In the new work, the lens has been made more accurate, and a waterproof interface, which efficiently transmitted the pulses, was inserted between the chains and water. "We use water as a target medium with the idea that the acoustic lens could be used for underwater imaging and/or biomedical applications," says postdoc Carly Donahue, who helped refine the device.

"Currently, our work is fundamental in nature. We are focused on demonstrating proof of principle and establishing the technical strengths and weaknesses, which will inform the future design of engineering devices for specific applications," she adds. "For example, using these systems in biomedical applications requires reducing their dimensions and learning about the related scaling effects. Creating commercially viable devices will require the involvement of industrial partners."

Donahue discusses the technology and its potential applications in a talk at the APS Division of Fluid Dynamics Meeting, which will take place November 18-20, 2012 at the San Diego Convention Center, located near the historic Gaslamp District on the waterfront, in San Diego, California. The talk is entitled, "An Experimental Study of a Nonlinear Acoustic Lens Interfaced with Water."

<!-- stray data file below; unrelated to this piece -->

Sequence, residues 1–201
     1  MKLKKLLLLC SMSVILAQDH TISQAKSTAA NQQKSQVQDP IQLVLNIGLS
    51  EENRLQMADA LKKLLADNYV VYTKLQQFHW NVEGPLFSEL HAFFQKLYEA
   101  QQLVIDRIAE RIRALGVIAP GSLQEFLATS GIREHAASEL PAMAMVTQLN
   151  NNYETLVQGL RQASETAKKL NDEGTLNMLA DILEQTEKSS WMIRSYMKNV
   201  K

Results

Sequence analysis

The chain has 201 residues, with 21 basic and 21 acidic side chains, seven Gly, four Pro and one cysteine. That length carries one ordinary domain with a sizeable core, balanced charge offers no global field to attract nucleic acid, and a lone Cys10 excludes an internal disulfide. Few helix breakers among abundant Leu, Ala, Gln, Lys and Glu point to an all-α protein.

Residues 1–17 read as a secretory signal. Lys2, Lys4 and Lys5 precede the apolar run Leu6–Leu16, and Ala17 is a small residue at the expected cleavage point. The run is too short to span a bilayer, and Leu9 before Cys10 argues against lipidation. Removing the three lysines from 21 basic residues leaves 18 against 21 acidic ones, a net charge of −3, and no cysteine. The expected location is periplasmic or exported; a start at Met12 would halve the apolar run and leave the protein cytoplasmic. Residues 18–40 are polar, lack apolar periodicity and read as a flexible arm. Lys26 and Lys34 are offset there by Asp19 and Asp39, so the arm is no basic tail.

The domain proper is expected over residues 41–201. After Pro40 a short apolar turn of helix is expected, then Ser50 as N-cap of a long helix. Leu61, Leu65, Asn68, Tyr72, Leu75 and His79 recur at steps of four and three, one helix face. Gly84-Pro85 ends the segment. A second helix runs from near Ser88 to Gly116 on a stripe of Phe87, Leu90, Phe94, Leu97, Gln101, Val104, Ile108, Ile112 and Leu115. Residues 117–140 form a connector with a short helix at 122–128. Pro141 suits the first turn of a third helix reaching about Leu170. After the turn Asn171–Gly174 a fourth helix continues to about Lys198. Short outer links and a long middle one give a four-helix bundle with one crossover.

Story Source:

The above story is based on materials provided by American Physical Society's Division of Fluid Dynamics. Note: Materials may be edited for content and length.


Cite This Page:

American Physical Society's Division of Fluid Dynamics. "Sound bullets in water." ScienceDaily. ScienceDaily, 19 November 2012. <www.sciencedaily.com/releases/2012/11/121119104527.htm>.
American Physical Society's Division of Fluid Dynamics. (2012, November 19). Sound bullets in water. ScienceDaily. Retrieved October 31, 2014 from www.sciencedaily.com/releases/2012/11/121119104527.htm
American Physical Society's Division of Fluid Dynamics. "Sound bullets in water." ScienceDaily. www.sciencedaily.com/releases/2012/11/121119104527.htm (accessed October 31, 2014).

Share This



More Matter & Energy News

Friday, October 31, 2014

Featured Research

from universities, journals, and other organizations


Featured Videos

from AP, Reuters, AFP, and other news services

Jaguar Land Rover Opens $800 Million Factory in Britain

Jaguar Land Rover Opens $800 Million Factory in Britain